Ordinarily, you may think of tree pruning as commonplace maintenance intended to ensure the health and safety of your trees and property. Regular pruning yields many benefits that can prolong the life of a tree by enabling strong tree structure and growth while minimising risk due to dead or weak branches.
But did you know that tree pruning can be closely associated with fire safety? Denying your trees regular pruning or care increases the potential for the spread of fire due to low lying branches and excess yard waste (leaves/bark/sticks).
Know the Risks
A great start will begin with identifying problem areas and tree health to determine which trees may be most susceptible to fire.
Signs of a distressed tree:
- Excessive leaf loss or leafless branches
- Frail bark falling off tree
- Falling limbs that are dry or brittle
- Noticeable rot
A dying tree can be a fire hazard and if so, removal is highly recommended. One of our experienced arborists can help you to identify and address potential hazards.
The CFA have in place recommended guidelines for safeguarding property against bushfire. The primary goal is to create what is known as “Defendable Space” or a buffer zone surrounding your property that is clear of overgrown or thick vegetation that may accelerate the spread of bushfire.
Why is Defendable Space important?
Defendable space provides a break between the building and the fuel available to the bushfire (e.g. vegetation, brush fencing, flammable material). Providing an area of defendable space can prevent direct flame contact on a building, reduce the effects
of radiant heat on the building and to mitigate the effects of ember attack.
How do I know how much defendable space I need to provide?
In order to calculate how much defendable space is required up will need to complete a site assessment. You can refer to Practice Note 65 published by the Department of Transport, Planning and Local Infrastructure for further information on the assessment process. The area of defendable space required will depend on the level of bushfire risk and the likely forms of bushfire attack. The factors influencing the level of bushfire risk include:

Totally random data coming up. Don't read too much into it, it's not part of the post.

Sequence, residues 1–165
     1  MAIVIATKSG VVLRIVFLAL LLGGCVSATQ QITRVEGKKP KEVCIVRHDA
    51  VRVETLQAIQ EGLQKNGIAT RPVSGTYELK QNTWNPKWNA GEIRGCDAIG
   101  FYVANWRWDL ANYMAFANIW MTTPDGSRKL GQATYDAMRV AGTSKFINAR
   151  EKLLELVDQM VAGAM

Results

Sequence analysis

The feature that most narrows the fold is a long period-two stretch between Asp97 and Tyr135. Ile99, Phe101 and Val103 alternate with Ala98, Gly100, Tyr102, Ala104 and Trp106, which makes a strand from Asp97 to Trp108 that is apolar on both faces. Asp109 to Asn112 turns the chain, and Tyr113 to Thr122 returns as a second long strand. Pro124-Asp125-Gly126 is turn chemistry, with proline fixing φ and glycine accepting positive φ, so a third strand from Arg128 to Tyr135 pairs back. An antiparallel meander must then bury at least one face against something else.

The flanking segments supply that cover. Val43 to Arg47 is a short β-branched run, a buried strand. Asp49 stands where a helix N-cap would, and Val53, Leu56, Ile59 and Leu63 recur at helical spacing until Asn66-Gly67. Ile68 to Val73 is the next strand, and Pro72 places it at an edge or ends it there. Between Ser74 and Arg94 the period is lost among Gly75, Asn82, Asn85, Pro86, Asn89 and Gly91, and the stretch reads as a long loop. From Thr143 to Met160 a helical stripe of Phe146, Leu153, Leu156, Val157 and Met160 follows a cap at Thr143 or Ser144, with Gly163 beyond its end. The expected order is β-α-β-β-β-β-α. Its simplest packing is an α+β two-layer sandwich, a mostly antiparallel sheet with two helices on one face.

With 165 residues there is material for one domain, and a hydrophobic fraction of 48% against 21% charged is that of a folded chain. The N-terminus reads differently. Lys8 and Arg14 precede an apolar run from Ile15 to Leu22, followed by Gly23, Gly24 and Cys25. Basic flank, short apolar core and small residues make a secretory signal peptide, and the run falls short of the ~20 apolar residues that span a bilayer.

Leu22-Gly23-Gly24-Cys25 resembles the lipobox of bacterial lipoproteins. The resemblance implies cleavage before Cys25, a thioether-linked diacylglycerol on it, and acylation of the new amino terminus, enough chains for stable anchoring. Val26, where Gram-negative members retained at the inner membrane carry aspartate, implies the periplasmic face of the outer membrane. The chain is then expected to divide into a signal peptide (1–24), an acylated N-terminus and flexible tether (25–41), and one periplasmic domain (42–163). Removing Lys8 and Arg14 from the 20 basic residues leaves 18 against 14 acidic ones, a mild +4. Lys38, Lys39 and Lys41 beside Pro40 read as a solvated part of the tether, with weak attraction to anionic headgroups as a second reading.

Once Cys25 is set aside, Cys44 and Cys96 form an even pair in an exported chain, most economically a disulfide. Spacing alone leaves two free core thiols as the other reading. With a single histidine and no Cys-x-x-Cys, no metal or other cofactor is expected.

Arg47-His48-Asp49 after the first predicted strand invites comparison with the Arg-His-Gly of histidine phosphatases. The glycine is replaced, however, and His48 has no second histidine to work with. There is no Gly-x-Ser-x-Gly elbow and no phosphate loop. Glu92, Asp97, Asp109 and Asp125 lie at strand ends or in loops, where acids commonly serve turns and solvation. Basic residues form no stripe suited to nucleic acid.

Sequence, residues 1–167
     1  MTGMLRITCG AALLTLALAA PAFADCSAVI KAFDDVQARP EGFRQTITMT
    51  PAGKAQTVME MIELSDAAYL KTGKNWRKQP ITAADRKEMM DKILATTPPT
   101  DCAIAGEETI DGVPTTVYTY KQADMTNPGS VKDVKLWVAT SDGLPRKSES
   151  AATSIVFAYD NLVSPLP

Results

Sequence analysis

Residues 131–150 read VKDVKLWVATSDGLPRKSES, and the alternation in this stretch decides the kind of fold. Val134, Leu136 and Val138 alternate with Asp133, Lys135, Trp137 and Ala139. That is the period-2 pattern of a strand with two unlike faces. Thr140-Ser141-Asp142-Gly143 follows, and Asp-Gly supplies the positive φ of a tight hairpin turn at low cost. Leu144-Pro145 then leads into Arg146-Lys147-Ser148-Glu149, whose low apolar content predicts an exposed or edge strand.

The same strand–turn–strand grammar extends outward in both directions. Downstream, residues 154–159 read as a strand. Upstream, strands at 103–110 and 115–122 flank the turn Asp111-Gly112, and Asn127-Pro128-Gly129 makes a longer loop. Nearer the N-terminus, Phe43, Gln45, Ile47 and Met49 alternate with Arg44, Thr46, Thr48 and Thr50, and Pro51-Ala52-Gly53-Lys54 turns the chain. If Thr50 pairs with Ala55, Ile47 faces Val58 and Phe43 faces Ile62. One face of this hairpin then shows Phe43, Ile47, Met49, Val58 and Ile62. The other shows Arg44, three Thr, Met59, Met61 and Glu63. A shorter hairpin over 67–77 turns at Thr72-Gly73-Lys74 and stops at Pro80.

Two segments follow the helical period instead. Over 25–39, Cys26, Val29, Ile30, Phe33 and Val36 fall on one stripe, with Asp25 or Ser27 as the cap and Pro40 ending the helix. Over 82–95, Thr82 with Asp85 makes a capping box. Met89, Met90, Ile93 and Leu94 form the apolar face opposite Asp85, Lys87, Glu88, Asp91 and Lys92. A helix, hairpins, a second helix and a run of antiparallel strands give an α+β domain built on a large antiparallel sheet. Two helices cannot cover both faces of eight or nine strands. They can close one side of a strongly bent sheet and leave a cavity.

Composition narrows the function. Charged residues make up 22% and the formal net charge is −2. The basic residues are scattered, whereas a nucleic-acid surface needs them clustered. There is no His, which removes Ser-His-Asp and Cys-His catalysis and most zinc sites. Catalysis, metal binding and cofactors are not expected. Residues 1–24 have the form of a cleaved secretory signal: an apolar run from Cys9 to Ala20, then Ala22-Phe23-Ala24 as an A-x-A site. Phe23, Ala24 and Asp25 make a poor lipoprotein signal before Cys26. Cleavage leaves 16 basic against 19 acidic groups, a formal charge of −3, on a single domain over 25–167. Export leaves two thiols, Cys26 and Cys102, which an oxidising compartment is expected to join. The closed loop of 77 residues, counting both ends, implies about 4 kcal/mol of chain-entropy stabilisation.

- Environmental factors including: fuel, topography and weather conditions
- Site context: (e.g. urbanised or remote location)
- Other bushfire mitigation measures incorporated into the design (e.g. siting of the building and construction standard).
Following are the requirements supplied by the CFA:
Show an area of defendable space where vegetation (and other flammable materials) will be modified and managed in accordance with the following requirements:
- Grass must be short cropped and maintained during the declared fire danger period.
- All leaves and vegetation debris must be removed at regular intervals during the declared fire danger period.
- Within 10 metres of a building, flammable objects must not be located close to the vulnerable parts of the building.
- Plants greater than 10 centimetres in height must not be placed within 3m of a window or glass feature of the building.
- Shrubs must not be located under the canopy of trees.
- Individual and clumps of shrubs must not exceed 5 sq. metres in area and must be separated by at least 5 metres.
- Trees must not overhang or touch any elements of the building.
- The canopy of trees must be separated by at least 5 metres.
- There must be a clearance of at least 2 metres between the lowest tree branches and ground level.
Contact us TODAY!
With many years of experience, the experts at Gab Group specialise in tree pruning and other arboricultural services. Please call us on 0408 629 377 or online and request a free quote. Together we can answer any questions you may have and get your property prepared for the upcoming bushfire season.